ClimaMeter Analysis

We analyse here (see Methodology for more details) how events similar to the USA January 2024 Snowstorm have changed in the present (2001–2023) compared to what they would have looked like if they had occurred in the past (1979–2001)  in the region [-130°E -60°E 20°N 65°N].  Surface Pressure Changes show limited areas of negative changes over the Gulf coast and positive changes on the northeastern US, both around 5 hPa. Temperature Changes show that similar events have not changed overall, besides temperatures up to 5 °C warmer over Florida and parts of the west Coast in the present than in the past. Precipitation Changes show that present events are 6 to 12 mm/day wetter than in the past in the most affected areas, while Windspeed changes show 6 to 12 km/h less windy conditions in the present than in the past over the Midwest. All combined, these changes suggest that these events have slightly changed in a way consistent with expectation in a warming climate, with higher precipitations and warmer temperatures, although only in limited or very limited areas. We also note that Similar Past Events have become more common in February than in January, as opposed to what happened in the past. The analysis for Changes in Urban Areas shows that Denver has been less windy, Chicago drier, and Miami wetter, warmer and less windy than what they would have been in the past in similar events.

Finally, we find that sources of natural climate variability, notably the Pacific Decadal Oscillation, may have heavily influenced the event. This means that the changes we see in the event compared to the past may be influenced by the natural climate variability.


Based on the above, we conclude that Winter storms resembling the January 2024 Snowstorm in the Western USA are experiencing 6 to 12 mm/day higher precipitation levels in the current timeframe compared to historical records, spanning much of the Eastern USA and portions of the West Coast. Additionally, these storms exhibit comparable temperatures now as they did in the past. We interpret this winter storm as a largely unique event whose characteristics can mostly be ascribed to human driven climate change.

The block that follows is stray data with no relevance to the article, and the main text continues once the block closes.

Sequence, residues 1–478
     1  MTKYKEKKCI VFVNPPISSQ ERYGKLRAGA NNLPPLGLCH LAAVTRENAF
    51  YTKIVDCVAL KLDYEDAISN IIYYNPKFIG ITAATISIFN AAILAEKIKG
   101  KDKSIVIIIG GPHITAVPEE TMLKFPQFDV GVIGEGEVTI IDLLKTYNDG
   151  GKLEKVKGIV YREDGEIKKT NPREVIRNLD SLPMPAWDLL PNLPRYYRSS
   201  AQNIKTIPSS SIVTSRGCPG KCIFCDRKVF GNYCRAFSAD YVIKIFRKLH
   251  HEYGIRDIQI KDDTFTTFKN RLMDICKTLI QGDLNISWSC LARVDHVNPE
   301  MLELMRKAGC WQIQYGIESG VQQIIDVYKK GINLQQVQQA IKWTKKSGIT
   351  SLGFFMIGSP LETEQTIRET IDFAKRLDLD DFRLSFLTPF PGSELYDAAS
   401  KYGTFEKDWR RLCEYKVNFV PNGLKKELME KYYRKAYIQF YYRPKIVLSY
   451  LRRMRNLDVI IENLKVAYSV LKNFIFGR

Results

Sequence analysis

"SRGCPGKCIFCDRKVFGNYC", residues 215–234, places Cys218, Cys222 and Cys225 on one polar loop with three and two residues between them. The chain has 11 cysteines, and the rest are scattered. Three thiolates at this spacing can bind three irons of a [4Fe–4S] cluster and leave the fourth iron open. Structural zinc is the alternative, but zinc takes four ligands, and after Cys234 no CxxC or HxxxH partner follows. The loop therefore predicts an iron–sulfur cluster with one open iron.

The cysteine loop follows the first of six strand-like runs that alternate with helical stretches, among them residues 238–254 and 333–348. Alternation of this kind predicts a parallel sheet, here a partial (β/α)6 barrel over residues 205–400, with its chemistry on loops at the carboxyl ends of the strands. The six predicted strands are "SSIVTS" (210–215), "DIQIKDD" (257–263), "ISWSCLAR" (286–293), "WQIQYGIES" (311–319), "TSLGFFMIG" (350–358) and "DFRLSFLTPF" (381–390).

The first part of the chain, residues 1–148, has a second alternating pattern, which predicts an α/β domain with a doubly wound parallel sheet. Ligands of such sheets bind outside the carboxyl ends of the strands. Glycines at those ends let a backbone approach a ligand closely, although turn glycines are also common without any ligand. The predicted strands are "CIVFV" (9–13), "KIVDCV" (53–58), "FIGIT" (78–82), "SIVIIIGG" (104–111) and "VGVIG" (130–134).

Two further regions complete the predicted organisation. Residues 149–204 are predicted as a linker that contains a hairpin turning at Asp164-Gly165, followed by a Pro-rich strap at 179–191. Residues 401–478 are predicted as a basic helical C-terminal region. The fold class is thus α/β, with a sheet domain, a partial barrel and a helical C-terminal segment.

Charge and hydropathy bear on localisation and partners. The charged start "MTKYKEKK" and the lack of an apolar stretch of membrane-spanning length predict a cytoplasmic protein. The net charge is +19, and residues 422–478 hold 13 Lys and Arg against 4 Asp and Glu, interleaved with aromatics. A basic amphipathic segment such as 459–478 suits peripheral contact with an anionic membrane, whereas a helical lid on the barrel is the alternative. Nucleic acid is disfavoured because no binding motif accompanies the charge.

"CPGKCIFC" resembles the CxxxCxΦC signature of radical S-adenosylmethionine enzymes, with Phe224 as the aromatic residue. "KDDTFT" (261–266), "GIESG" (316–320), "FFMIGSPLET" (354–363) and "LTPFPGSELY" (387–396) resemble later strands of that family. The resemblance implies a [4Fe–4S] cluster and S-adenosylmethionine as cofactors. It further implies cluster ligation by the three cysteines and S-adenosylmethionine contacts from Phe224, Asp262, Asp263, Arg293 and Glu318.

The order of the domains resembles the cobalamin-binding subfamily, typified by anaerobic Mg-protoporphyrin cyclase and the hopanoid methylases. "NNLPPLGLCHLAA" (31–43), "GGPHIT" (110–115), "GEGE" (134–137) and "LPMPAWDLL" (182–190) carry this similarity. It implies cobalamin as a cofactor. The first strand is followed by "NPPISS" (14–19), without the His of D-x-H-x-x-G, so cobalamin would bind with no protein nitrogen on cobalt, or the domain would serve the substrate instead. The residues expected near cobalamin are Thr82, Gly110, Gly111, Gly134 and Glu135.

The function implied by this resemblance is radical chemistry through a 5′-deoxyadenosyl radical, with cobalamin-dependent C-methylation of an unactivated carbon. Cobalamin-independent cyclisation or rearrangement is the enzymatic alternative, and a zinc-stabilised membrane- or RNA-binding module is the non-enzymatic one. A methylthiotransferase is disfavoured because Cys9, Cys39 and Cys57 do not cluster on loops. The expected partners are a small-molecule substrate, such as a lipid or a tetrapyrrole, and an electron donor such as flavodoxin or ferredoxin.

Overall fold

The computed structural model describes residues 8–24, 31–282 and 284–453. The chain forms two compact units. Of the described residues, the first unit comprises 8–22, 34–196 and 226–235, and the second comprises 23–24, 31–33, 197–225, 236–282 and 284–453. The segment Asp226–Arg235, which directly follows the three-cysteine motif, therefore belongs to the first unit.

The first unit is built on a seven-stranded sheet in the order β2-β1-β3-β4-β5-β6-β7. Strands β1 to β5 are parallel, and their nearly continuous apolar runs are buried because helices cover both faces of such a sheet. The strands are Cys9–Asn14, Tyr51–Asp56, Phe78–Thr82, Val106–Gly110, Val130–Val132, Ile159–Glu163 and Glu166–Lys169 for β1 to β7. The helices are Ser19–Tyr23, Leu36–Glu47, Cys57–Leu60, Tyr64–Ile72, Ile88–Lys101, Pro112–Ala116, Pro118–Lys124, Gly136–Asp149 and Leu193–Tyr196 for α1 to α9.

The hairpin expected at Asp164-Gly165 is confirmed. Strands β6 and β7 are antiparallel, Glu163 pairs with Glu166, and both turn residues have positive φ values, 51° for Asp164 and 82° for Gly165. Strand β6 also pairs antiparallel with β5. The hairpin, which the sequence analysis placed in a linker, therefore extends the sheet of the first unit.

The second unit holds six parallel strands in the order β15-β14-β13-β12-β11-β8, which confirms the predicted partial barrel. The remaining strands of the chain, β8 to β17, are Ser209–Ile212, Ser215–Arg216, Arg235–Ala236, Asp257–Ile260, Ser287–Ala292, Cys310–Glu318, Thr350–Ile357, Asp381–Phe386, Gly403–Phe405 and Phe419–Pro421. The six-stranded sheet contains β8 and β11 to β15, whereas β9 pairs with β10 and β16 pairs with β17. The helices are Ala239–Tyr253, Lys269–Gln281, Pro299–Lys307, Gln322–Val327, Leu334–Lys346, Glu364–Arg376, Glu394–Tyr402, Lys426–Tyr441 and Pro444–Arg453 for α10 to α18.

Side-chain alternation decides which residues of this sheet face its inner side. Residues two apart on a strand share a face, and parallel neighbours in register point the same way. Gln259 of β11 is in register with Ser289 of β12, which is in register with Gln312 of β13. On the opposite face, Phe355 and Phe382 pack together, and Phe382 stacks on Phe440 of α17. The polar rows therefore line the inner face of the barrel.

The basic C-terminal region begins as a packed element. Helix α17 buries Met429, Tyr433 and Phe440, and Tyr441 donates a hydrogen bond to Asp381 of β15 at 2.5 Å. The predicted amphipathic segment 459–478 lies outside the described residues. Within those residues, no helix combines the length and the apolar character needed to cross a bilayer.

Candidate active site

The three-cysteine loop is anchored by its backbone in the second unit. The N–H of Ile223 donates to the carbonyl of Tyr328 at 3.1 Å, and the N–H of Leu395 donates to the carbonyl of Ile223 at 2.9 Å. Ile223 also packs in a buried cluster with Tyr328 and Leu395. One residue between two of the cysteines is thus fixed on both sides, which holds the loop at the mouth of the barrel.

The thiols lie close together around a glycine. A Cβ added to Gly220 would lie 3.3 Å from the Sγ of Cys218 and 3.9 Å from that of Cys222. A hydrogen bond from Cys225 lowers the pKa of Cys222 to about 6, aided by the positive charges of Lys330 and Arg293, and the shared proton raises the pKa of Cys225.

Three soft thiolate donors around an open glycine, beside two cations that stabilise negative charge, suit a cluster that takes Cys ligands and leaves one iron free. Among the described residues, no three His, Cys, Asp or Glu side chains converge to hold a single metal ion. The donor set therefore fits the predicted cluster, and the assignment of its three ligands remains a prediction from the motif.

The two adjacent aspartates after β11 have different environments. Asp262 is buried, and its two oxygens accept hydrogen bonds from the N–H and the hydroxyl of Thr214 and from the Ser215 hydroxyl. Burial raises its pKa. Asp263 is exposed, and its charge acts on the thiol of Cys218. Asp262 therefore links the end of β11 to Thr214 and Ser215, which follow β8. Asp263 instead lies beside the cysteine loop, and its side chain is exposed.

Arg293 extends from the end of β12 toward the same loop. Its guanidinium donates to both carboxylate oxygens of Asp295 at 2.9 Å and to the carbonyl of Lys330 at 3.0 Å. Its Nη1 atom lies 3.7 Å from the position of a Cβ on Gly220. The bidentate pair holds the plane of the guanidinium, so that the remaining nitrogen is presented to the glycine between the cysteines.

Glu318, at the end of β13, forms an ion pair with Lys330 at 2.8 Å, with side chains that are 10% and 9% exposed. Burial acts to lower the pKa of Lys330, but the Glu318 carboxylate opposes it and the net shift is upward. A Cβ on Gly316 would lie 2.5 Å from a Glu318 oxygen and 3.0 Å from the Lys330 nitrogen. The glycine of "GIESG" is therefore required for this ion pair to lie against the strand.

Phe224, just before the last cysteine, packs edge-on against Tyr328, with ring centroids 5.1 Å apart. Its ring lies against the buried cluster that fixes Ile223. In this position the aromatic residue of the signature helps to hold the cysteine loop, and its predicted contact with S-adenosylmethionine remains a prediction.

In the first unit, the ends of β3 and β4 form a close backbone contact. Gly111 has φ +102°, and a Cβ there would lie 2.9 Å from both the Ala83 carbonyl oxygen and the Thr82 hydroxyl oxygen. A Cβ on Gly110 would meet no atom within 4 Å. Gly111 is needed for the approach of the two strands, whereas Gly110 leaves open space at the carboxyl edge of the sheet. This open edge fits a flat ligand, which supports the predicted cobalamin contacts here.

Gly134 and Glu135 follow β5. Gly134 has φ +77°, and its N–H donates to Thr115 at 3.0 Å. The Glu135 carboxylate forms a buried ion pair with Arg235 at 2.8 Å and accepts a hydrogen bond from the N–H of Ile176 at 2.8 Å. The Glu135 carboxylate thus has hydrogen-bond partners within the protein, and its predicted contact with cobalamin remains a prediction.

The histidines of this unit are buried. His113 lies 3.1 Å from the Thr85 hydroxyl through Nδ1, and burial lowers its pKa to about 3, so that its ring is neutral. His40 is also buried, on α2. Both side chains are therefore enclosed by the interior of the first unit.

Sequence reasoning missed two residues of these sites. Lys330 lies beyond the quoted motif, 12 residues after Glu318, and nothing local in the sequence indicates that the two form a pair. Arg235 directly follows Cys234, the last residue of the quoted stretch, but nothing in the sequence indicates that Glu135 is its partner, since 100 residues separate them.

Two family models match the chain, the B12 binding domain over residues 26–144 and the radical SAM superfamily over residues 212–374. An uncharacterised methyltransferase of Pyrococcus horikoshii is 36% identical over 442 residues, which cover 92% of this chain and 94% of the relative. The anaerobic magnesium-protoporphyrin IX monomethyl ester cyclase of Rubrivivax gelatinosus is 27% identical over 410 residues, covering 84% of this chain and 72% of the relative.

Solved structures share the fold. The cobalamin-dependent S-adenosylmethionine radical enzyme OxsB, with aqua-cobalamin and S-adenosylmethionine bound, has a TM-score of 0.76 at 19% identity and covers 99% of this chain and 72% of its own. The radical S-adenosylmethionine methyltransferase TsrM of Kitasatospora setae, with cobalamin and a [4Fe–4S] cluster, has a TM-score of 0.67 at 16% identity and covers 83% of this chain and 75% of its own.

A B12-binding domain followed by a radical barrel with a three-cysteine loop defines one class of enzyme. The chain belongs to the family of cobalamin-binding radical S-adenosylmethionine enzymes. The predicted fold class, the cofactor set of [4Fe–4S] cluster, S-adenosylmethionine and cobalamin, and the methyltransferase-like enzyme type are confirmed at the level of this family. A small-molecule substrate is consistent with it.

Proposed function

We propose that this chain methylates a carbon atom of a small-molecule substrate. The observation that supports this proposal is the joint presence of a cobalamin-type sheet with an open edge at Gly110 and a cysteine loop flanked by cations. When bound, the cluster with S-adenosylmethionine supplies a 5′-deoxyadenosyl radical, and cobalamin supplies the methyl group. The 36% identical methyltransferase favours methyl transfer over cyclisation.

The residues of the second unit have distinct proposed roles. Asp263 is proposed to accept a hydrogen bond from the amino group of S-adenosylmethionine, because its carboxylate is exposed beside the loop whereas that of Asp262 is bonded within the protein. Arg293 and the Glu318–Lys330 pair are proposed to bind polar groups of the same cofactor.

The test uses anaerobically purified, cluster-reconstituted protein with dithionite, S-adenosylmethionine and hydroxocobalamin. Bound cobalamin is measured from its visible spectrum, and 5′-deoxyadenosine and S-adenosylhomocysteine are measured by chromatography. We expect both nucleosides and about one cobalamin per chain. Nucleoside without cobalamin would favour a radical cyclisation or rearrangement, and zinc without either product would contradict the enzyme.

Contact Authors

-Flavio Pons, IPSL-CNRS, France  📨flavio.pons@lsce.ipsl.fr  🗣️French, Italian, English

-Davide Faranda, IPSL-CNRS, France  📨davide.faranda@lsce.ipsl.fr  🗣️French, Italian, English

Additional Information : Complete Output of the Analysis

The figure shows the average of surface pressure anomaly (msl) (a), average 2-meter temperatures anomalies (t2m) (e), cumulated total precipitation (tp) (i),  and average wind-speed (wspd) in the period of the event. Average of the surface pressure analogs found in the counterfactual [1979-2000] (b) and factual periods [2001-2022] (c), along with corresponding 2-meter temperatures (f, g),  cumulated precipitation (j, k), and wind speed (n, o).  Changes between present and past analogues are presented for surface pressure ∆slp (d),  2 meter temperatures ∆t2m (h), total precipitation ∆tp (i), and windspeed ∆wspd (p): color-filled areas indicate significant anomalies with respect to the bootstrap procedure. Violin plots for past (blue) and present (orange) periods for Quality Q analogs (q), Predictability Index D (r), Persistence Index Θ (s), and distribution of analogs in each month (t). Violin plots for past (blue) and present (orange) periods for ENSO (u), AMO (v) and PDO (w).  Number of the Analogues occurring in each subperiod (blue) and linear trend (black).  Values for the peak day of the extreme event are marked by a blue dot. Horizontal bars in panels (q,r,s,u,v,w) correspond to the mean (black) and median (red) of the distributions.